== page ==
The flag of the old Palatinate, which is often used today for traditional purposes, shows the coat of arms of the 12th century, the golden lion on black. It goes back to the Salier family (1024–1125 German kings and emperors), from whose possessions the Palatinate of Rhine was formed in 1155. It showed a golden red armored erected (rampant) lion on black. The red crown, which is ubiquitous today, was added not until the 14th century. If the colours of the country (derived from the colours of the coat of arms) are in use as a horizontally striped flag, the stripes have to be arranged in the heraldic correct sequence, gold over black.
For the Electoral Palatinate (Kurpfalz), a flag from the 16th and 17th centuries is handed down. It was first mentioned in 1604 and showed 16 horizontal stripes, in them four times the sequence of the colors red, blue, white and yellow, and in the middle of the flag a red armed, golden lion, whose right paw holds the the Imperial Orb (Rank of Archtrustess). The lion looks away from the flagpole – contrary to the rules. The sequence of stripes varied over time. White and blue are the colours of the Bavarian dynasty of Wittelsbach, who ruled the country since 1776. Red and yellow were then called "colours of Palatinate" which goes back to the dignity of the Archtrustess bestowed to the Elector in 1544, the symbol of that dignity was the golden imperial apple in a red field, a symbol that at that time was quite equal to the lion's coat of arms of Palatinate.
Source: Flaggen Enzyklopädie,
Bayernland Nr. 48 von 1910
Coat of arms of Palatinate,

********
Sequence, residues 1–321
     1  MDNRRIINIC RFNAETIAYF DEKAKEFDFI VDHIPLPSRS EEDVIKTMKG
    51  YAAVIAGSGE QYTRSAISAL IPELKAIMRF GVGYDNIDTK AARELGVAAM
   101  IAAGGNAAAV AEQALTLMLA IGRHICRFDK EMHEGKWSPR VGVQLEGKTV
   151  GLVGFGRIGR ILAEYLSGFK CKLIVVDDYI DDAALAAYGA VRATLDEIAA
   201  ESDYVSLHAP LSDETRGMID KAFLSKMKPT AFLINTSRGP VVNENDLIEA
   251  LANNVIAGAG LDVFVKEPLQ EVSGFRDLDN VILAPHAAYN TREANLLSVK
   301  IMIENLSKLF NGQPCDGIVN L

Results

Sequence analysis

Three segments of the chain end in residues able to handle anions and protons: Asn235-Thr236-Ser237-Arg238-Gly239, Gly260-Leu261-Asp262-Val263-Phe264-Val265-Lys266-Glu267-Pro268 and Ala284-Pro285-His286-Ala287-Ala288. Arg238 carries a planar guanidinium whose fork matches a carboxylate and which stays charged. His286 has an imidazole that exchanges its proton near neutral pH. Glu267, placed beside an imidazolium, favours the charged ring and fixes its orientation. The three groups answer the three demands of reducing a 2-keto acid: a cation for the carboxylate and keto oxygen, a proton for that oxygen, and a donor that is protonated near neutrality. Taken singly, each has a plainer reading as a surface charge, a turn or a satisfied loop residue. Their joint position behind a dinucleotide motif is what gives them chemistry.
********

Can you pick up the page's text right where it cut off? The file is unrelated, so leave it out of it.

Source, by: Wikipedia (DE)
13th to 14th century,
Coat of arms of Palatinate,
Source, by: Wikipedia (EN)
14th to 18th century,
Coat of arms of the Electoral Palatinate,
Source, by: Wikipedia (EN)
Heraldic image of Palatinate,
Source, by: Wikipedia (EN)
The coat of arms of Palatinate goes back to the Salier family (1024–1125 German kings and emperors), from whose possessions the Palatinate of Rhine was formed in 1155. It originally showed a red armored golden erected (rampant) lion on black. The red crown was added not until the 14th century. This practice probably goes back to the function of the elector as the imperial vicar, which was passed on to him with the Golden Bull of 1356.
Source: Wikipedia (DE)
1155 · establishment of the Palatinate County of Rhine in the valley of Rhine River from former possessions of the Salier dynasty
1214 · Palatinate becomes a fiefdom of the House of Wittelsbach
1266 · purchase of the Bavarian Northern Gau (Upper Palatinate) by duke Ludvig II.
1288 · purchase of Heidelberg by duke Ludvig II.
1329 · separation of Rhine-Palatinate from Bavaria, earning of the electoral dignity by Ruprecht I. (Electorate of Palatinate), later purchase of Zweibruecken, Mosbach and Simmern
1410 · death of Ruprecht III.
15th/18th century · legacy partitions, later vanish of the main lineage of Palatinate, arise of the Houses of Palatinate-Zweibruecken, Palatinate-Simmern, Palatinate-Neuburg, Palatinate-Birkenfeld, Palatinate-Sulzbach, temporary loss of the electoral dignity to Bavaria
1614 · purchase of Juelich and Berg
1742 · vanish of the lineage of Palatinate-Zweibruecken-Neuburg, loss of the electoral dignity
1776 · heritage of the Electorate of Bavaria, unification of Bavaria and Palatinate
1793–1814 · the left of River Rhine placed areas are annexed by France